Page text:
Anyway, the Governor makes a deal, which is that the criminal will rescue Bernice, and in exchange the Governor won't kill him using an explosive-laced gimp suit. It's not a very good deal. It's enough for the criminal to head into the wasteland, where he encounters a gang of nuclear zombies and a town of post-nuclear cultists, who remember the time that a nuclear event destroyed all the world around them, and treat it with a ritualistic pageantry somewhere halfway between cultural memory and children's nursery rhyme. As part of rescuing Bernice, who has been traumatised into muteness, the criminal must find away to liberate the inhabitants of the town from the memory of their nuclear suffering. A reminder that this film by a Japanese filmmaker with mostly Japanese extras is using an American movie star and Hollywood narrative tropes.

Of course "Sono is using Cage to demand that America help Japan recover from the psychic scarring of the bombing of Hiroshima and Nagasaki" is a reductive, shitty reading of the film - it's one of the readings, but this is not a film that skimps on offering up available readings. Mostly, it really does seem to be about the impossible pleasure of mixing and matching the iconography of samurai movies (all of them, though there are certain shots that reminded me so much of Kurosawa's Yojimbo that I refuse to believe it's  an accident), American Westerns, and Italian Road Warrior knock-offs, though not actually The Road Warrior itself (though there's certainly a kind of funhouse mirror version of Mad Max Beyond Thunderdome living in all of this). The best of this is all centered on the Governor, played impeccably by Moseley with a delectable humid Suthun drawl as cartoonish as his impeccable white suit and grandfatherly beard (he actually has the best reading of the word "testicle" in the movie, all apologies to Cage), a weird figure made even weirder by surrounding him with the technicolor excess of Samurai town, and his small army of American and Japanese gunslingers and geishas, who react to him with group movement like the chorus of a genre-fillm staging of a Greek play. And this does mean that the middle of the film, in the Ghostland, loses some of the film's aggressive cinematic energy. Sono and cinematographer Tanikawa Sohei and production designer Isomi Toshihiro throttle back on the purity of the colors, creating something more diffuse and brown, tinged with corrosive blues. This is, of course, entirely on purpose, to create a strong, immediate contrast between the shocking artifice of Samurai Town and the lifeless decay of the Ghostland (though I am ecstatic to report that the pageant-like group movement not only persists, it increases). But it's still a little disappointing.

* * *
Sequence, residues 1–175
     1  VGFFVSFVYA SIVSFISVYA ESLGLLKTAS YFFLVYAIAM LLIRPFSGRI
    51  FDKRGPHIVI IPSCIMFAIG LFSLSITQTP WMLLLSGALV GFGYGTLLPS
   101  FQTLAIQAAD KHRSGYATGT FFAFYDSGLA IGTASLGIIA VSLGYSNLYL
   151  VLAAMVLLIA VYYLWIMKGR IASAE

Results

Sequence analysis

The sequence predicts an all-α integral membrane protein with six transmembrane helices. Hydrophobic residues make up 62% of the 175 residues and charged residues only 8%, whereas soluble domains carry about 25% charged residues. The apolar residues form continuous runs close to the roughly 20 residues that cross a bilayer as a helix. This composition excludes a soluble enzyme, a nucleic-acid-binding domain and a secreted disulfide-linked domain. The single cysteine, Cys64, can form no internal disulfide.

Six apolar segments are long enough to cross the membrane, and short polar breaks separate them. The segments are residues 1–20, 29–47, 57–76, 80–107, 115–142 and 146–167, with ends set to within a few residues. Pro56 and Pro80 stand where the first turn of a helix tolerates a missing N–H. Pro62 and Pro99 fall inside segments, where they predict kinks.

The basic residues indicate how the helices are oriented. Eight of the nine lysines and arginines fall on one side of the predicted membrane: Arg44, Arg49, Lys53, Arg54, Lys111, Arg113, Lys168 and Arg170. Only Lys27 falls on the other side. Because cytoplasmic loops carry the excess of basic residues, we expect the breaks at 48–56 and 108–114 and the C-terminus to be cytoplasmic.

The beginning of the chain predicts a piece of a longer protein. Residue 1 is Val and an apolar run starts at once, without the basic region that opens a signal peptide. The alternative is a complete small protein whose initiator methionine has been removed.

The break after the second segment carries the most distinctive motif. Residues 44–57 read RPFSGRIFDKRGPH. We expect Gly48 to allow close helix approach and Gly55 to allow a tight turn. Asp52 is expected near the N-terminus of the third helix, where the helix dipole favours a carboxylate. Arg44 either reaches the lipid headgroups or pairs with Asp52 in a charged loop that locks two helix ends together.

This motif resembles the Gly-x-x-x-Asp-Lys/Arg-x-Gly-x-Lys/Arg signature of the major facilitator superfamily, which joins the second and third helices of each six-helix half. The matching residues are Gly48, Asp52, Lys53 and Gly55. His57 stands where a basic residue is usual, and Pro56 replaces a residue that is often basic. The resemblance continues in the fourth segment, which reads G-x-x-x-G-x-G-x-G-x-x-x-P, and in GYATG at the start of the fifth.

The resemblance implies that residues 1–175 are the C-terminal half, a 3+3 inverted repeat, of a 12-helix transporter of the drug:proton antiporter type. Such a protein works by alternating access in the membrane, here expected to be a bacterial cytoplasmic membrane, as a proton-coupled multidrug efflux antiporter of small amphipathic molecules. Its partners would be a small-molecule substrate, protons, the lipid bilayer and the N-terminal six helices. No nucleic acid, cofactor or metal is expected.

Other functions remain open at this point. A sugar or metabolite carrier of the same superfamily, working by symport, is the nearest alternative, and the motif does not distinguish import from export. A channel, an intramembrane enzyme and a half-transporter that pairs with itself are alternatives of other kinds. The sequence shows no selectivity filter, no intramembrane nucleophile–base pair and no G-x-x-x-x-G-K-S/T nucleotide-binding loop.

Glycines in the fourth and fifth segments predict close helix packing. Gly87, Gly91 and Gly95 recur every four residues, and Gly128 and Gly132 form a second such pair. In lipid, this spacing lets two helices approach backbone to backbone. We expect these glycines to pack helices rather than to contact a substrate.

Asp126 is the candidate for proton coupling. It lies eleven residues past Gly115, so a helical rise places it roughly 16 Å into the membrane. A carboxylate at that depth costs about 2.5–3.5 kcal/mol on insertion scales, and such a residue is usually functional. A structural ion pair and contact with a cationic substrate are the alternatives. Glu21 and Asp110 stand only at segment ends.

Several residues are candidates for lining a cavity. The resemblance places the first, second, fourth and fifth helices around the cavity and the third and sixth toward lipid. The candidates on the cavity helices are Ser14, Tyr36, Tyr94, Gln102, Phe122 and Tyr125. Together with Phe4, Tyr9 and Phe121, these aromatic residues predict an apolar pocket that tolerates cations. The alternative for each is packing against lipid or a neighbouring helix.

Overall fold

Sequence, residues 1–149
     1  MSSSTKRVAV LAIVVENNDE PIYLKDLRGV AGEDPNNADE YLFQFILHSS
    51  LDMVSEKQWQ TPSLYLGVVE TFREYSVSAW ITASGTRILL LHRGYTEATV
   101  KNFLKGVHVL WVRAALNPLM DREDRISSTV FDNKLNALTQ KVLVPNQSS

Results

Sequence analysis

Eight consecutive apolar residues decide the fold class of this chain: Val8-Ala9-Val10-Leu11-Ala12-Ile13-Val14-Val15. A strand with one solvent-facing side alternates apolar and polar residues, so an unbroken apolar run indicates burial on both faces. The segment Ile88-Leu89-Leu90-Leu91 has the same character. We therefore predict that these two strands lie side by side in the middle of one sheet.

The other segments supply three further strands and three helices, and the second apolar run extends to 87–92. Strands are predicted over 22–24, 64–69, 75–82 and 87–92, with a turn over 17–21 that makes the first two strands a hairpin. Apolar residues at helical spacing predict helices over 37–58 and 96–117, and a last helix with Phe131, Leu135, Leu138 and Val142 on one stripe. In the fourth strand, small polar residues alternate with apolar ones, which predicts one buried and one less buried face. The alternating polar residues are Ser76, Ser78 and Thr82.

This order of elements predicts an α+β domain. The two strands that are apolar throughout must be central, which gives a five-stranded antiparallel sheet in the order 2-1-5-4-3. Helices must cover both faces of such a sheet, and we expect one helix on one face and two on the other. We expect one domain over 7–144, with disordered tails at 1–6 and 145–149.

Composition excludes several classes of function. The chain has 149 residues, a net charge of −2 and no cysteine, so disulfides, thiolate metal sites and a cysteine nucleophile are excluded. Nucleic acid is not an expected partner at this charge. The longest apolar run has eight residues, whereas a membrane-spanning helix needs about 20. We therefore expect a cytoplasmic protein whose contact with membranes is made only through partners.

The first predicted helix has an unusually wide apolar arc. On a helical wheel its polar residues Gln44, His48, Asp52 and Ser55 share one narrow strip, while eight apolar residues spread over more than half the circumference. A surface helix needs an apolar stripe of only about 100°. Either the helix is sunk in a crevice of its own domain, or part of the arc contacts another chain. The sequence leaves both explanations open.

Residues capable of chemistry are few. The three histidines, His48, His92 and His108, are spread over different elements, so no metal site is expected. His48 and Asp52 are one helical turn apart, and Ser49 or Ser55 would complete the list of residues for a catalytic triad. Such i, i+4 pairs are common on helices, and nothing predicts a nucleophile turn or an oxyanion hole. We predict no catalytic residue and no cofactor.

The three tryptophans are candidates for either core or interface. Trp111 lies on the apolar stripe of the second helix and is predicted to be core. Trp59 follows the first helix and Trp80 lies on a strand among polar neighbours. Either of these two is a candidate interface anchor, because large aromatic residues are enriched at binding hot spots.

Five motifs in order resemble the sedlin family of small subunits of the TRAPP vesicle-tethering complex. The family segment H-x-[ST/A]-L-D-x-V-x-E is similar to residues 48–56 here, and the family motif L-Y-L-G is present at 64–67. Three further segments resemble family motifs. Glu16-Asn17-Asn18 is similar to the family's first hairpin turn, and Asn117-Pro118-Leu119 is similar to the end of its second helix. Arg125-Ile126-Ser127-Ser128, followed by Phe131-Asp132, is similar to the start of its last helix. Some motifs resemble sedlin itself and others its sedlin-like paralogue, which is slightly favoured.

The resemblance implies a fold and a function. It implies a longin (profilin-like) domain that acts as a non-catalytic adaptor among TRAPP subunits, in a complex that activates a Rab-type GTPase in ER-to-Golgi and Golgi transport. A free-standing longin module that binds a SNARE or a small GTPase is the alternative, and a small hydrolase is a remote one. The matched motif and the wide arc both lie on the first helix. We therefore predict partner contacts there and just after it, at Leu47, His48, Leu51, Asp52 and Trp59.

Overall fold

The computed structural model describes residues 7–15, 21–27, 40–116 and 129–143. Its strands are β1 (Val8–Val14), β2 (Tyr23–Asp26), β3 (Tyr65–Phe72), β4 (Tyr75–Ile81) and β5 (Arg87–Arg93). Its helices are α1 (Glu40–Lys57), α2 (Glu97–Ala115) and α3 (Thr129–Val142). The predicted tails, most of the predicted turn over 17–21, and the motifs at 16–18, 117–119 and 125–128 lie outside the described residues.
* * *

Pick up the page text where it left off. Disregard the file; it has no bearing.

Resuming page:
At any rate, even when it's at its most sedate, Prisoners of the Ghostland is going pretty hard; not "peak Sono" hard, but what we get is still a lot more than you see in the vast majority of American movies - of movies, in general. Whether it ever gets to narrative or emotional points that aren't strictly abstract and communicated in a primarily mythic mode- but then, it doesn't really need to. It is, very self-consciously and across all of its generic touchstone, a florid myth, dressed up with the most delirious cinematic style, in color, and set design and blocking. It is a garish movie for a garish world, and I absolutely loved it, even when I felt like it was choking me on all the artifice.




*Which is certainly not most of them, given how prolific the director has been. And it does include his inexplicably sedate and nice 2012 film The Land of Hope, which I did not appreciate at the time for how wildly far out of character it was.